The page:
“Lubi” is a local term for coconut and the town of Glan is known as the “Coconut Queen of the South” due to the abundance of coconut tree plantations. The coconut is a part of the locals’ life and culture. Also called the “tree of life” due to its numerous uses, including the whole tree itself, the coconut is used as food, beverage, and material for various handicrafts and agricultural products.

Celebrated in October, the festival is marked by an array of events, including street dancing where locals where colorful attires adorned with coconut materials, coconut-themed culinary competitions, and traditional games.

  • Location: Glan, Sarangani
  • Date: Proper Feast Day is October 8

14. Helobung Festival

Every second week of November, the sleepy town in Lake Sebu comes alive with an exuberant celebration of the city’s founding anniversary and the rich cultural heritage of the T’boli’s, one of the indigenous tribes in Mindanao.

“Helobung” in the local dialect means “neverending joy.” During the festival, the people wear traditional handwoven t’nalak attire, perform traditional dances such as Madal Tahu, and use musical instruments such as hegelug, kumbing, and k’lintang. There is also rodeo show, a bangka race, food fair where you can enjoy traditional cuisine such as chargrilled frogs, among others. A trade fair showcasing T’boli arts, crafts, and specialties is also part of the celebration.

The Helobung Festival is one of the most underrated festivals in Mindanao — and a great chance to explore the lovely, quiet community of Lake Sebu.

  • Location: Lake Sebu, South Cotabato
  • Date: Second week of November; festivities last a week

15. Dalit Festival

Dalit Festival
(Photo by DOT – Northern Mindanao_

Did you know that some of the best performers and musicians in the Philippines can be found in Tangub City? Just another reason to visit here for the Dalit Festival, held every September 29 to commemorate the city’s patron saint, Saint Michael the Archangel.

Dalit,” in the local dialect, translates to “offer,” and the festival is indeed an offering of gratitude for the blessings and protection received throughout the year.

The highlights of the festival are the religious procession and the Street Dancing Competition that follows, where contingents, clad in colorful traditional Filipino attire, fill the streets with energy and joy, performing dance steps of prayer, praise, and grace.

Dalit Festival, with its lively performances and vibrant displays, not only brings joy to the locals but also offers a vivid glimpse into the heart and soul of Mindanao’s rich cultural tapestry.

  • Location: Tangub City, Misamis Occidental
  • Date: September 29

16. Diyandi Festival

Iligan City is one of the lesser talked-about places in Mindanao, and if you’re planning a visit here (especially to explore its numerous waterfalls), then consider going during the Diyandi Festival.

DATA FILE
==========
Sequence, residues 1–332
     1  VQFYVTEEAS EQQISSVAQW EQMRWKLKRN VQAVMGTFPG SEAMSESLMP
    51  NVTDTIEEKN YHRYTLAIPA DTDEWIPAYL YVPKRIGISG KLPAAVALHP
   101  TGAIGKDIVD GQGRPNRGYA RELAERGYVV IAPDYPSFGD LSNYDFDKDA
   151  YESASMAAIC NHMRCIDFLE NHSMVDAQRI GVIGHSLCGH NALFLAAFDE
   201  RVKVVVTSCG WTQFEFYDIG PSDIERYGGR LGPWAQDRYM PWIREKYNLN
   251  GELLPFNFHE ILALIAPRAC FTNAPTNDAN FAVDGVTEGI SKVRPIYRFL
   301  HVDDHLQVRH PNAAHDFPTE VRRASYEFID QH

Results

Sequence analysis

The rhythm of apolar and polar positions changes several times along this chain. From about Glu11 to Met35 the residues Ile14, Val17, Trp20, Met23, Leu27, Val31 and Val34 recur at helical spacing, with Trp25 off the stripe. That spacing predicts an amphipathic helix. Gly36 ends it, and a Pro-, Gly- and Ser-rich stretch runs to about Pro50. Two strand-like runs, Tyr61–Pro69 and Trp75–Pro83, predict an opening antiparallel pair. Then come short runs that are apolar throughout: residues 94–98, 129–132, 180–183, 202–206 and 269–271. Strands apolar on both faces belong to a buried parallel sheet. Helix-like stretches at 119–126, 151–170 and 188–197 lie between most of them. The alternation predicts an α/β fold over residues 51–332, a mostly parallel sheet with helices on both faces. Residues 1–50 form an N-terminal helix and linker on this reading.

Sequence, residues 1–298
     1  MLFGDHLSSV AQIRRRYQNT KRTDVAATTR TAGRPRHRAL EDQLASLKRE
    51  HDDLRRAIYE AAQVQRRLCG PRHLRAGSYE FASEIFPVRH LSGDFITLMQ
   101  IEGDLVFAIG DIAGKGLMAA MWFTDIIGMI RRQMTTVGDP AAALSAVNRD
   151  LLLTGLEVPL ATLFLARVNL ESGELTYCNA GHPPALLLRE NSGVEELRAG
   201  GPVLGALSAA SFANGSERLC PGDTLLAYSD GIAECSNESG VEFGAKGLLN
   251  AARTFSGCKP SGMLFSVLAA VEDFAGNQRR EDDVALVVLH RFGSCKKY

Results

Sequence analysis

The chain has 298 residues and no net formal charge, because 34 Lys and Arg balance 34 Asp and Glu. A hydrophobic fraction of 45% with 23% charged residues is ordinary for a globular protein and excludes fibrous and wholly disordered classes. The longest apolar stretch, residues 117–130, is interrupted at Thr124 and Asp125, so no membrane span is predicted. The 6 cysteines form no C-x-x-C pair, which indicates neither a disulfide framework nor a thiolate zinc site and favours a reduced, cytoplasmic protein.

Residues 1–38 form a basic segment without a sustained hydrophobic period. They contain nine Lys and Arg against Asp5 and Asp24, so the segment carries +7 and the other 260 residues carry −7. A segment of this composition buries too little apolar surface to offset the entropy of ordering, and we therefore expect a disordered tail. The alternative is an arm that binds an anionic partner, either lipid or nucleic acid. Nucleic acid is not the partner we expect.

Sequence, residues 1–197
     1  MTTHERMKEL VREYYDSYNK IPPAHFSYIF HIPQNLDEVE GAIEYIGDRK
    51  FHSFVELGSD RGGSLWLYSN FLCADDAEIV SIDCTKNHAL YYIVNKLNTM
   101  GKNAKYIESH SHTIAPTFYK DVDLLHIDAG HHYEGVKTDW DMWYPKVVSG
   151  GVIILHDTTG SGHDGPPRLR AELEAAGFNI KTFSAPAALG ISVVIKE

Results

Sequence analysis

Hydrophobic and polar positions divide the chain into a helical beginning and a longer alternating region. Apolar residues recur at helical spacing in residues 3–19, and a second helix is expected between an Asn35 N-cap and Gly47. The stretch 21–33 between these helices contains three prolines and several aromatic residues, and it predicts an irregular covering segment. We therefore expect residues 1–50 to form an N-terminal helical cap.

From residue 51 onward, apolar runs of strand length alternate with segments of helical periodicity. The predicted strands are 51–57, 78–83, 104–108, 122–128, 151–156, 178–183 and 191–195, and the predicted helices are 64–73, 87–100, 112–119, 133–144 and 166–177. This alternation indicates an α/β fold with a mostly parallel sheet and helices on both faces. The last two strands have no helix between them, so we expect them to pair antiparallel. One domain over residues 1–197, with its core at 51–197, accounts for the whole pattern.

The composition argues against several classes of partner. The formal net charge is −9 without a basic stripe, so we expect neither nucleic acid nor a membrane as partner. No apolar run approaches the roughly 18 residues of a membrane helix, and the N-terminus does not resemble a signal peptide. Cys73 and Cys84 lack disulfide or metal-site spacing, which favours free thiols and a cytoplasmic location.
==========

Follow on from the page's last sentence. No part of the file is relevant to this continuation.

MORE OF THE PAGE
Similar to the festival above, Diyandi Festival celebrates the city’s patron saint, Saint Michael the Archangel, as well as the Christian, Mulism, and Higaonon cultures in the city. “Diyandi” is the Higaonon word for “celebration” or “merrymaking,” and true to its name, this month-long spectacle hosts a number of activities for both locals and tourists.

One of the festival’s highlights is the colorful Kasadya Street Dancing. You can also witness a number of processions, the ritual of “pamukaw” (where the city’s band perform rhythmic beating of drums to awaken the residents for the dawn novenas), and The San Miguel Comedia.

The Diyandi Festival, with its energetic performances, colorful displays, and the residents’ warm hospitality, embodies the zest for life and the strong cultural heritage of Mindanao.

  • Location: Iligan City, Lanao del Norte
  • Date: Proper Feast Day is September 29; festivities last a month

Essential Travel Tips

Plan your trip. When it comes to going to festivals in Mindanao, Facebook is a useful resource. Visit the official pages of the festival or respective tourism office and look for the schedule of activities, so you can plan out your trip around the activities and events that you want to see.

Book in advance. Expect huge crowds during festivals! Book your flights and accommodations months in advance. If you’re planning to visit specific restaurants, inquire if they also make reservations online.

What to bring: It’s best to bring a lightweight bag, a bottled water for hydration, a hat for sun protection, and of course a good-quality phone or camera for pictures. Wear comfortable clothing and footwear for walking.

Set a meeting area. If you’re coming with friends to a street parade, set up a meeting place for later since mobile data may not be available and there is a possibility of getting lost in the crowd.

Set your expectations. The experience of watching the festivals may be different from what you see online. Media and content creators get a special pass so they can take pictures and videos of the parades better, whereas regular watchers are on the street sides. Either way, it’s fun watching the street parades with the locals’ unique attires and dances! Going to festivals is one of the best activities in the Philippines in my opinion.

Has this guide to the best Mindanao festivals been helpful to you? If you want to add an event, let us know in the comments section below!